I veered into politics out of protest. I felt the church should not stay aloof. For evil to reign is for good people to do nothing. It’s not for Bishops and Pastors to go into politics, but good people. People that fear God. People that love humanity. People that have things to contribute. I wasn’t a pastor then; I was just a worker in the church. But then, I was concerned about this country. I have been there for long. I have seen the way the church prayed and fasted for those in governance. And I have seen that the more we prayed, the more they deteriorated. I have seen from my Bible that every place, the sole of our feet shall tread upon, we’ve got to be involved one way or the other. It was out of that protest- why should we stand aloof, why shouldn’t we be involved?- that I joined the fray. Yes, there were so many coun­sels I received then warning me against it, telling me that “they would soil you, they would kill you…politics is dirty, you must not touch it with a long stick because you would be corrupted” and so on. Of course, there was corruption then, but it was not this bad. I felt a burden in my heart that I should give it a try. I am a very adven­turous person. So, I ventured into it and was elected into the Oyo State House of Assembly. I became deputy speaker, but I knew from the onset that God would have me work for Him in the vineyard. I have always known that. That has always been at the back of my mind. The bible says every vision is for an appointed time. I had always known that God would have a use for me, but what I didn’t know was what exactly He would want me to do.

I never wanted to be a pastor. But then, I had a burden that God wanted me to be a leader in the body (Church) in one way or the other. I thought I would just be an evangelist doing my job, doing my busi­ness, organizing seminars, conferences, teaching people and writing books. But then, it became too clear to me that He would want me to actually lead his people as a Shepherd. So, when that call came, when it was so clear I couldn’t say no, I was still on the chair as deputy speaker when this church was launched. I knew I couldn’t wear the two caps. It was diffi­cult. You could be the father of politicians, the father of the governor, the father of the president, but you can’t jump into the arena with them. If you come into the are­na of politics, then you should expect an­ything because politics is something else. You could be blackmailed, you’d be lied against. Pastoring doesn’t accommodate that. Your congregation cannot afford to see their pastor being splashed with mud, washed in the dirty water of politics. That would not augur well for the church. So, the two caps cannot be worn at the same time. But you can actually mentor leaders, which is what I think the church should do. That should be the job of the pastor.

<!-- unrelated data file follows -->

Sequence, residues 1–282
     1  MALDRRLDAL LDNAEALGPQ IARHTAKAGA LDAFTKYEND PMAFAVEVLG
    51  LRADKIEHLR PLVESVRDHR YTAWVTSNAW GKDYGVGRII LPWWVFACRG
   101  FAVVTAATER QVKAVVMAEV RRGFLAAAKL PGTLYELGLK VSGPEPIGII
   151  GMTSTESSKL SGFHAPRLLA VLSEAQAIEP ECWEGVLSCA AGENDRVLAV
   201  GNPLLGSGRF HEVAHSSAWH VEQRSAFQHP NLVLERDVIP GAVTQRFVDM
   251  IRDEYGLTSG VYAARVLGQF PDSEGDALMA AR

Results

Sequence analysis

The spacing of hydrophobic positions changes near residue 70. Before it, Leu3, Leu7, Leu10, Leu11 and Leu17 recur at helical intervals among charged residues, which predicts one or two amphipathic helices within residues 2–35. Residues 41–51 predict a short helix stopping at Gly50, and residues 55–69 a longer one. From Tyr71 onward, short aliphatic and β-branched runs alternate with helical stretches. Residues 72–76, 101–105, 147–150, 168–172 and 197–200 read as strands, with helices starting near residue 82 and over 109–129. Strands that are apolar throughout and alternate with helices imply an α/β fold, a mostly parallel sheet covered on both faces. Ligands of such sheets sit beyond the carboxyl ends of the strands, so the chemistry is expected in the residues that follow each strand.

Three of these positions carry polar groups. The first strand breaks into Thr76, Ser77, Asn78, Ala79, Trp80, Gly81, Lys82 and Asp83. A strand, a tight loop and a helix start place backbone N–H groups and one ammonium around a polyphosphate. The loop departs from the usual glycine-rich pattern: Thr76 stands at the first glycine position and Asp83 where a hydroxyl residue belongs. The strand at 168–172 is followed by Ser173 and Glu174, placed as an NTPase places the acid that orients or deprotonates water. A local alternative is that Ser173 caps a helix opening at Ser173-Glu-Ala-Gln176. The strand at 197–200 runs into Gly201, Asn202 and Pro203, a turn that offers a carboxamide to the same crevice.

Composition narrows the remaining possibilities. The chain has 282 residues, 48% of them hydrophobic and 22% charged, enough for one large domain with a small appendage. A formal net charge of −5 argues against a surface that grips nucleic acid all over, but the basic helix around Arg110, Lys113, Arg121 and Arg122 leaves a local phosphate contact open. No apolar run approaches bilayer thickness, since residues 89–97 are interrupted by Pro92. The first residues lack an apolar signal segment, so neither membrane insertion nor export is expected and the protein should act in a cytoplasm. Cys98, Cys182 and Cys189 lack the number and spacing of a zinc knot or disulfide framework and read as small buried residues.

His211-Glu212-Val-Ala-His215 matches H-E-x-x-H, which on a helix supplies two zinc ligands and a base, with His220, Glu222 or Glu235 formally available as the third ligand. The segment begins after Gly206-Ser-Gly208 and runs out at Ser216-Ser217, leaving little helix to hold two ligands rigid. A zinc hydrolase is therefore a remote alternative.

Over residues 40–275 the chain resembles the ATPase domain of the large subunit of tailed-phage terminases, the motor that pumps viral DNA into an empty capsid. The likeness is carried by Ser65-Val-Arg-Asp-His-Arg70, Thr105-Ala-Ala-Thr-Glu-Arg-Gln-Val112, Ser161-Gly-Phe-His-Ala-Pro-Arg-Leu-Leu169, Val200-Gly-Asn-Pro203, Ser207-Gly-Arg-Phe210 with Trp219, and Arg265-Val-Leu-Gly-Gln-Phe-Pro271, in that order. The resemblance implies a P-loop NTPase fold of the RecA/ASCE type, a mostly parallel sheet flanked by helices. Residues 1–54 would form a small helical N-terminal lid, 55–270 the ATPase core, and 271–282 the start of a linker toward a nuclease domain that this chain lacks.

I believe Christian leaders should go into politics. Politics is a calling just like pastoring. I know it’s not possible to be a pastor over a congregation as well . You can’t do that. But you could be a Chris­tian leader who is not holding any pasto­ral assignment. Oh, we need many more of such people in politics and in the gov­ernance of this nation because there you would be able to speak the truth. And the Christian values you have should be on display. What would be difficult is to be a shepherd over a congregation and then, you’re in politics. In your congregation, you’re going to have members of different political parties to start with. So, which one would you promote?. If you’re a PDP stalwart, there’s no way you’re going to promote what you believe in. There can be no election without campaign, no mat­ter how subtle. So, what happens to the other man who is also a leader of the oth­er party? It’s just going to bring crisis to your church. The church is for all people and a pastor must be seen as a father of all, counseling, teaching and guiding all of them but not taking sides with anyone of them. That’s the only way you can be a successful pastor. But as for Christian leaders who are not shepherds or pastors over any assembly, the field is open. I think they should be encouraged.